Perils of University Life: Washing

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Getting used to university life can be a big struggle. You leave your home, the place where you have lived for all your life. You leave your family and friends, the people who have supported you through the good times and bad. Moving to university drops you straight into the plunge pool of adult life. Money worries, malnutrition, and the looming spectre of assignments after a drunken night out can sometimes prove too much for some people. To put it simply, some people will take to university like a duck to water, and others will resemble a badger trying to read Shakespeare.

Regardless of what gets you first, whether it’s being stabbed after a night of busking for beer money in the city centre, or contracting scurvy after only eating packet pasta every day for four weeks in a row, possibly one of the most distressing and health impacting activities while living on your own is also my most feared.

Washing.

Not washing as in showering. After nineteen years I think I’ve mastered that particular skill. Nor doing the dishes. Embarassingly, I find that quite therapeutic. And the washing liquid makes my hands smell pretty.

I am talking about laundry. The most stress inducing, confusing activity that has ever been invented. If I was ever tortured for information, they could forget about taking the pliers out of the toolkit. Just sit me in front of a washing machine and give me a washing basket full of clothes. I’d be a more sorry sight than that badger trying to get to grips with Hamlet.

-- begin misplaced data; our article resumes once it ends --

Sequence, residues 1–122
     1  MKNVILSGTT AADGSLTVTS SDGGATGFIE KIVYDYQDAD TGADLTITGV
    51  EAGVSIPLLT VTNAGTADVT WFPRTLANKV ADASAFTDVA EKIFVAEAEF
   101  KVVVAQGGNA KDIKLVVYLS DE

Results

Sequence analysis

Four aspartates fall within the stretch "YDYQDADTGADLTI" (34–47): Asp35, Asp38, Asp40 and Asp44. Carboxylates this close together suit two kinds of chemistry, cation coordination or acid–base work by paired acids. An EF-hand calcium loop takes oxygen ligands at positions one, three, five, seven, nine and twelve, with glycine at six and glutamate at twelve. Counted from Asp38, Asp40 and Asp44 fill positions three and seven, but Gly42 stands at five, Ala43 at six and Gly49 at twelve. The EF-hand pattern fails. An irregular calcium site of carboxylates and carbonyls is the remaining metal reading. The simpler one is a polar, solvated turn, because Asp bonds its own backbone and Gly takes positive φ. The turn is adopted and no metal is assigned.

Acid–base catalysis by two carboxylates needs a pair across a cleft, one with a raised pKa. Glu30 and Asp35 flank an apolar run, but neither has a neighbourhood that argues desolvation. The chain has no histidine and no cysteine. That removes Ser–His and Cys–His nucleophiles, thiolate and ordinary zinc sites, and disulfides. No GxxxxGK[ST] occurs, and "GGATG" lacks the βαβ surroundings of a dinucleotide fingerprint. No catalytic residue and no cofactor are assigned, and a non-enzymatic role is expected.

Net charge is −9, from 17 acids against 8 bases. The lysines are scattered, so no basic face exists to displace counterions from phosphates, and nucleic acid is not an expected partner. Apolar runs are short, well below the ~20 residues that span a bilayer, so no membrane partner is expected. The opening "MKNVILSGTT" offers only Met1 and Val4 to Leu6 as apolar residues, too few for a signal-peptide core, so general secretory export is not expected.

What gets me about washing is the organisation. I am not an organised person. My work is left until the last minute, my room resembles Aladdin’s cave (albeit filled with crap and not treasure; the other day I found two scotch eggs from before Christmas. I tried rubbing them. No genie), and my idea of a schedule involves me writing events on bits of paper and hoping I’ll stumble across them before said occasions occur.

So separating my clothes into lights, darks, and whites is not something which I enjoy. It resembles a cruel kind of segregation; why do the whites get a nice hot wash, whereas the lights and darks get a cold one? I have been told to get a colour catcher by my more laundry-savvy friends. Apparently this would allow me to throw all my clothes into one machine without taking into account colour. I don’t think it was fair of them to look at me like an idiot when I said you can’t catch colours because they are a non-tangible entity. It’s a very good point.

I’ve never even tried using washing powder. The thought of putting too much in scares me. What if it transformed my clothes? My jeans could end up as dresses, my t-shirts as bras. Exaggerated I know, but this is the fear I live with. So I thank the sweet people at Ariel who invented liquitabs. I just throw one in the drum, load the clothes in on top of it, and I’m sorted.

Or not. Last week the liquitab got stuck in a towel and failed to dissolve. Cue one sweetly smelling towel with a huge orange stain and plastic residue, and several other items that smelt like a wet dog. Unfortunately they failed to get any of the cleansing goodness.

Luckily I’m going home today. With one huge bag filled with dirty clothes.

Cheers mum.

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